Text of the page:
The term “big data” can be confusing. For some people, it conjures up thoughts of someone spying on their activity and then selling that information. For others, it represents a treasure of information about potential customers.
In fact, while big data is complex, it can produce many benefits if handled appropriately. For pay-per-click advertisers, using additional data can help target ads, thus boosting performance. Examples include age, income, location, interests, and hobbies.
What Is Big Data?
The Wikipedia entry for big data is this:
Big data is a term for data sets that are so large or complex that traditional data processing applications are inadequate. Challenges include analysis, capture, data curation, search, sharing, storage, transfer, visualization, querying and information privacy. The term often refers simply to the use of predictive analytics or certain other advanced methods to extract value from data, and seldom to a particular size of data set. Accuracy in big data may lead to more confident decision making, and better decisions can result in greater operational efficiency, cost reduction and reduced risk.
Advertising platforms such as Facebook, Twitter, and even AdWords rely on the following companies for data:
- IHS Automotive (by Polk);
I liken these firms to credit bureaus that banks use for loan approval and credit scores. Credit bureaus do the legwork to obtain and catalog consumers’ financial history so that banks don’t have to. Likewise, data companies catalog web behavior and characteristics to help advertisers reach their desired audience.
How to Access the Data
Getting access directly to these data sources is difficult and expensive. However, the data companies are already working with many PPC platforms — examples include Google AdWords, Twitter ads, and Facebook ads — to make their data available.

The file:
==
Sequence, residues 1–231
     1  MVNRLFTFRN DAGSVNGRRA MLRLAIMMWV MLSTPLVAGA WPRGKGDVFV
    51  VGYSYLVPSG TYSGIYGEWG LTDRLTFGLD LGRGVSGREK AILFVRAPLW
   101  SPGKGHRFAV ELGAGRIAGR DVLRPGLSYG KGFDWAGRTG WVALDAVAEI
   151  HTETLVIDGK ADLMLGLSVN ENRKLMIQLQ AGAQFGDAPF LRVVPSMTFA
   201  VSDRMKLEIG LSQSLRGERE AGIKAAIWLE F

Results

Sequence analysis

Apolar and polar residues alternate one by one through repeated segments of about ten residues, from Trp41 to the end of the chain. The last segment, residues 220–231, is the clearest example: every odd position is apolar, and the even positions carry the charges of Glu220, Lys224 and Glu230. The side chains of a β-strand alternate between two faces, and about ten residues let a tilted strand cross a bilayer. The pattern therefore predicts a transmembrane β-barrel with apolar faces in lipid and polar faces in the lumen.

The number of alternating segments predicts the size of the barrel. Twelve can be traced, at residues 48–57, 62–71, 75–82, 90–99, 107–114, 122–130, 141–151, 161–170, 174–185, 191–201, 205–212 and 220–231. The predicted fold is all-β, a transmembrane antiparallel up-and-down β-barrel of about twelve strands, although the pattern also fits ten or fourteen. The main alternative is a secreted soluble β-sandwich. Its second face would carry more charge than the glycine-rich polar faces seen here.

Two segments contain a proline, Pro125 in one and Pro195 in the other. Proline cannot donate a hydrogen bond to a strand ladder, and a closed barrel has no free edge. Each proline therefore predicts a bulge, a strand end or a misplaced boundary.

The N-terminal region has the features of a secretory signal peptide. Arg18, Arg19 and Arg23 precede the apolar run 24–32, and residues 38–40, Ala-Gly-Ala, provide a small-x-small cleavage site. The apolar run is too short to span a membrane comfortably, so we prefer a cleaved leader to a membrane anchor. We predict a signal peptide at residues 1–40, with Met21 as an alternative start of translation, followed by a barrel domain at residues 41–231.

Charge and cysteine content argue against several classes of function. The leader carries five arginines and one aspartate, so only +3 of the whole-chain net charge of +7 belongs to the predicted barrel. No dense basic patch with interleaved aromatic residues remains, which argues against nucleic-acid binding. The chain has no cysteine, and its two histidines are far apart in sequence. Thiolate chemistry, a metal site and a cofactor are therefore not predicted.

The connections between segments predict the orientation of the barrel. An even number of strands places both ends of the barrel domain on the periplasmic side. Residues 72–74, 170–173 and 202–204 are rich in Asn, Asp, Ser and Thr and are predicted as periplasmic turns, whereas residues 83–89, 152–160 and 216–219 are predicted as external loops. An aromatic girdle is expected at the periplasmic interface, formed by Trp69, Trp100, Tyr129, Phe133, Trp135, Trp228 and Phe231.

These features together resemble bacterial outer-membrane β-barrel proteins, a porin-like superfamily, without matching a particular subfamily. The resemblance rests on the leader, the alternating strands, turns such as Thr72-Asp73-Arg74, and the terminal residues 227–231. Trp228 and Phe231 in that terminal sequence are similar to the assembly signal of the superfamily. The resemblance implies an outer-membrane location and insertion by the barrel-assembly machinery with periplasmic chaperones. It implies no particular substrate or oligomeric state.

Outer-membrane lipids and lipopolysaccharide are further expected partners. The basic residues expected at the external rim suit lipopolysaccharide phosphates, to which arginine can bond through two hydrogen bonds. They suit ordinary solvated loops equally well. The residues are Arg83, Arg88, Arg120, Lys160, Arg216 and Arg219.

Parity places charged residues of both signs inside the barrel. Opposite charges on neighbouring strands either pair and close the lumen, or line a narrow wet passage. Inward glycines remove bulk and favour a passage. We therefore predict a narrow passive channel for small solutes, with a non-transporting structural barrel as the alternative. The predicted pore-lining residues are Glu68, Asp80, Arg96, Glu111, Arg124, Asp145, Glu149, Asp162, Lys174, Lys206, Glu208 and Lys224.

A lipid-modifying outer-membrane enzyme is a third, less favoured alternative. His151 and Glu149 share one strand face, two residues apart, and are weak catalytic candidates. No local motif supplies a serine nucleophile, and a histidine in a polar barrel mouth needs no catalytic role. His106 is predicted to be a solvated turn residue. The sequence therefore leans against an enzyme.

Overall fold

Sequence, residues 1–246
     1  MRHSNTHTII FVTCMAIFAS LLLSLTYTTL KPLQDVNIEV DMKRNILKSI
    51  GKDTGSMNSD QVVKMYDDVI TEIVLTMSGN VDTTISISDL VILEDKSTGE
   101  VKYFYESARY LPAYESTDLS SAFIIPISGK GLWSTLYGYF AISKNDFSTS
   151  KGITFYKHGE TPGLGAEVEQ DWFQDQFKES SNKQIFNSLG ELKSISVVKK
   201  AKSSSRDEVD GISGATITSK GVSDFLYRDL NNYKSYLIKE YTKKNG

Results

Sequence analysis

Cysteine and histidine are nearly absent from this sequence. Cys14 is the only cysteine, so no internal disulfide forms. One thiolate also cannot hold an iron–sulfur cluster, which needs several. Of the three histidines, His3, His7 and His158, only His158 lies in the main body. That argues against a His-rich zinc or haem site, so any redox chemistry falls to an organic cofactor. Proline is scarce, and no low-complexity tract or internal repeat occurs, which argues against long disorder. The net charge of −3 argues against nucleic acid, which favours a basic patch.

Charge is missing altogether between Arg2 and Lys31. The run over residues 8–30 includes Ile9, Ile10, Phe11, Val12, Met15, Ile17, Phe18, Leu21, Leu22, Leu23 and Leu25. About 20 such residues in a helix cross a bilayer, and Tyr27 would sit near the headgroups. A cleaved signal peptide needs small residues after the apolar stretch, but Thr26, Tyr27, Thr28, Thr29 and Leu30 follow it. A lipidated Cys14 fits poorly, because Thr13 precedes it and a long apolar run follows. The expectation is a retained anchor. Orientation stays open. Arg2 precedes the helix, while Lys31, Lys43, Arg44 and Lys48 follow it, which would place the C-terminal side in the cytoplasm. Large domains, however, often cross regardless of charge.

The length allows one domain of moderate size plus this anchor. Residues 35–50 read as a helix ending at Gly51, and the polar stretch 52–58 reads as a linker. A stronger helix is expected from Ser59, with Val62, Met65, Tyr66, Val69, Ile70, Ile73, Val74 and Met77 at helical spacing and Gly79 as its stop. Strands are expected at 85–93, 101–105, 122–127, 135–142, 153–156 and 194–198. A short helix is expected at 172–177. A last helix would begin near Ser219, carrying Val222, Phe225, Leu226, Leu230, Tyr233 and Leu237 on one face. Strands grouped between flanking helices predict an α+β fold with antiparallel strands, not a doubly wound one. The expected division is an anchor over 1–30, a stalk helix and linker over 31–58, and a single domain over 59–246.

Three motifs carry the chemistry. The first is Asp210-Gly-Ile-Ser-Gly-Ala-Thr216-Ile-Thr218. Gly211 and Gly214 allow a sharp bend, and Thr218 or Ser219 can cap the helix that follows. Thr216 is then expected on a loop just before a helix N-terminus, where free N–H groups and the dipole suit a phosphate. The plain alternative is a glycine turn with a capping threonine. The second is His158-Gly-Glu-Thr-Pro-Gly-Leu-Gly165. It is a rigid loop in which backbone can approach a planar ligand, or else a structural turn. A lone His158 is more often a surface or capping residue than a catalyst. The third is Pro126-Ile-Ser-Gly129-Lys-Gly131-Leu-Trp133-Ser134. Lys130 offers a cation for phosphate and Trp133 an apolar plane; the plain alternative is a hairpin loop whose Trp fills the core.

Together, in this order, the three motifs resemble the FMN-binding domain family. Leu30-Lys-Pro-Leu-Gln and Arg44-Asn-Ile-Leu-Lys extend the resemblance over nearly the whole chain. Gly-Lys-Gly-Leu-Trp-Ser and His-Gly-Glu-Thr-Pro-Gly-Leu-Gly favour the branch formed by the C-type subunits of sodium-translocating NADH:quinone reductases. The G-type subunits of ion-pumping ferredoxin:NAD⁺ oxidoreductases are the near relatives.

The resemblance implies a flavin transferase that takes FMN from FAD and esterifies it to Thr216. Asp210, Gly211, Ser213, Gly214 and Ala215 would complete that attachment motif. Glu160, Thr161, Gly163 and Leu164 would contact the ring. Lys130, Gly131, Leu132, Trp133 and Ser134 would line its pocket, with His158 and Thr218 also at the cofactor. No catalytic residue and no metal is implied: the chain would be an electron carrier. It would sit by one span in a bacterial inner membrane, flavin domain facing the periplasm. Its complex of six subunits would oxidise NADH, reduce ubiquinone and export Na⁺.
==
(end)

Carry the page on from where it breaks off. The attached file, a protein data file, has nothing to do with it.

Keep in mind that when you target an audience using this data, you’re targeting a bucket of users with similar characteristics — not an individual. As you get closer to the individual, privacy becomes a serious concern. So the data is bundled in ways to protect individual privacy.
Leveraging Big Data Right Now
Facebook. Data is available in Facebook through its Demographics and Behaviors section. Whenever you create an audience for Facebook ads, you’ll see an interface like this.
As you browse through these Demographics and Behaviors, you’ll see, for example, Net Worth, In-Market Vehicle Shoppers, Buyer Profiles, and other choices. You may also note the source for the data.
In other words, Facebook provides a description of the audience and provides the data source. As you browse through these categories, you’ll find many targeting options.
Twitter. Twitter, via its Behaviors section, uses data similarly to Facebook. IHS Automotive data is here, as well as household income data from Acxiom and Epsilon.
You can even target Twitter users by the breakfast cereal they eat.
AdWords. Google AdWords even provides access to data through its In-Market and Affinity audiences. To find these, navigate deep into an AdWords campaign that is targeting the Display network, then pick the “Interests & Remarketing” tab and then choose “+Targeting” to arrive at the following screen.
Note the screenshot above. That’s 436 categories of “in-market” data, meaning these people are currently looking to buy products or services in these categories. AdWords also provides 104 affinity audiences to target, as shown below.
In short, using data to enhance ad performance isn’t scary or intimidating. AdWords, Facebook, and Twitter have already integrated data into their targeting options. Data is simply a tool to make your campaigns more effective and profitable.